SOCA draws runners, walkers to city’s south side
Many Ruston residents who live South of California Avenue stood outside their homes and watched as visitors jogged past on Saturday morning.
The SOCA Sprint 5K was designed to raise awareness of the living conditions and needs for that area of Ruston, and the 60 additional runners or walkers this year mean they’ve accomplished their goal at least a little.
Kevin Singh, director of the Community Design Activism Center based out of the Louisiana Tech School of Architecture, said it was wonderful to see that it was a huge, growing event. In its first year, there were only around 60 runners, last year there were about 93 and this year’s race brought 153 people into the SOCA area.
Each year the race begins at Mays Chapel Church, which is a huge supporter of the cause. The Rev. T. G. Harris, assistant pastor at the church, said they are always excited about these events.
“It’s wonderful to see this many people out as cool as it is,” Harris said. “I’m glad as many people showed up. We look forward to this every year.”
Harris said he felt the project was very important to the area.
“We need to revitalize the neighborhood,” Harris said. “We need to get the community back together.”
The event had winners in two categories — 25 and younger and 26 and older. In the 25 and younger men’s category Josh Pearce won first place and Justin Dubose won second. In the 25 and younger women’s category Mallory Smith won first place and Jenny Reisz won second.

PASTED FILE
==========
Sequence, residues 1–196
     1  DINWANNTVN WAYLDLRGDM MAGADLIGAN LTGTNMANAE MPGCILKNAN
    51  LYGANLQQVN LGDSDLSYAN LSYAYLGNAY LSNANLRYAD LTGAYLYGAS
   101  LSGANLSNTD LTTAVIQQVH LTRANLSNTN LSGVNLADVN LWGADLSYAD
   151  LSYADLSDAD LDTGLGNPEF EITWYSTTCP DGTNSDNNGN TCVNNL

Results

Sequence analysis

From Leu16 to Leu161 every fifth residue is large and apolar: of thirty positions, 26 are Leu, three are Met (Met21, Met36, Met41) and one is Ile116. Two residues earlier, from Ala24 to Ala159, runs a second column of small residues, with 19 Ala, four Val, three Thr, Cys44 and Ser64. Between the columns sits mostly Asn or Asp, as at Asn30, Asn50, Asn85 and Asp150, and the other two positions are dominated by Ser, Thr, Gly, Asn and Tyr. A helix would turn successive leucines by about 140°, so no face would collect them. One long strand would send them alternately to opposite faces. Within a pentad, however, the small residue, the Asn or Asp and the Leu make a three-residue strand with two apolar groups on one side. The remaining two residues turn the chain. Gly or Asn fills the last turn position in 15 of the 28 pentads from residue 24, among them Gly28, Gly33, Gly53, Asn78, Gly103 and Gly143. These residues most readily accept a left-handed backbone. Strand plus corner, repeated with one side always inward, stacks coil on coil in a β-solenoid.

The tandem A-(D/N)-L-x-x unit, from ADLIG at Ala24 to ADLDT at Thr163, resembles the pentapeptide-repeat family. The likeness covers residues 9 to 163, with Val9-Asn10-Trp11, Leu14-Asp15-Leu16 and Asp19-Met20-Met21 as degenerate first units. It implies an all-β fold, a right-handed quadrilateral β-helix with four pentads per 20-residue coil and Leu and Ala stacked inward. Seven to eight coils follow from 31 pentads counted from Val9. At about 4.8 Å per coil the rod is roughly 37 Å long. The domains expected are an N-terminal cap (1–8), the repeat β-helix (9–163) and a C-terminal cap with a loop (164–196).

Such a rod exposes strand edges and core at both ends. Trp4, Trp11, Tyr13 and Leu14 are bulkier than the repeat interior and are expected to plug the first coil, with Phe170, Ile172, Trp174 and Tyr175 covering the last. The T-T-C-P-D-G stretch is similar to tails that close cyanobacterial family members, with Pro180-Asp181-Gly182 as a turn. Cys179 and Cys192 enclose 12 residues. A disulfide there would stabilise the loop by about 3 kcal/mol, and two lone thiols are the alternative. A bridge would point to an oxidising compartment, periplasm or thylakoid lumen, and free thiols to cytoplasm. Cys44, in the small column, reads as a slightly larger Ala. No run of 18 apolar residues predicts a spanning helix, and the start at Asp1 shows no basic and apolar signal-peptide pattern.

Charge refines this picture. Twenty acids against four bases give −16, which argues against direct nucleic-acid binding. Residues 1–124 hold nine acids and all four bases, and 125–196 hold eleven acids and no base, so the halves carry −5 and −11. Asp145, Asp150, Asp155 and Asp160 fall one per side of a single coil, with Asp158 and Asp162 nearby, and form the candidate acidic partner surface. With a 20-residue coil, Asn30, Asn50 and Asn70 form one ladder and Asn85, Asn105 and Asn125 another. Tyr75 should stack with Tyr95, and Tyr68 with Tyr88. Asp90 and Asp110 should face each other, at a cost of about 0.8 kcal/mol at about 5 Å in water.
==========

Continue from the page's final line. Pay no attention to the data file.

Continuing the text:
In the 26 and older men’s category Bernd Schroeder won first and Evan Derveloy won second. In the women’s category Patty Scheaffer won first and Shannon Puljak and Heather Pearson tied for second.
Many teams, including ones from churches, schools and other organizations, joined in the race. The largest team was made up of students and friends of the interior design program at Tech. One of their members, Mallory Smith, was the overall women’s winner.
Smith said she became involved with the run because of her connections to the school of architecture. Smith said she is the president of the Tech chapter of the American Society of Interior Designers and she gathered the team to participate because of her passion for the cause.
“It really touches my heart,” Smith said. “I teach tennis at Ruston High School and I have a student who lives out here. I saw him volunteer last year.”
Smith said she also felt it was important to connect with the community.
“It’s cool because we can make a difference,” Smith said. “With all of our resources at school, we can really help people.”
Tech student Camille Pearce and her dog Molly also joined the race to support the cause.
“I think community projects are really good,” Pearce said. “I think it’s good for us to connect with the community here at Tech.”
For some, Saturday was just a chance to support a good cause while enjoying the weather. Jason Pigg, associate professor of social sciences at Tech, said he heard about the run at the school and decided to show up. His motiviation for showing up was as much about having fun as philanthropy.
“It’s such a good cause,” Pigg said. “And, it’s always fun to get together and run.”
Pigg said he is a fan of the SOCA revitalization effort.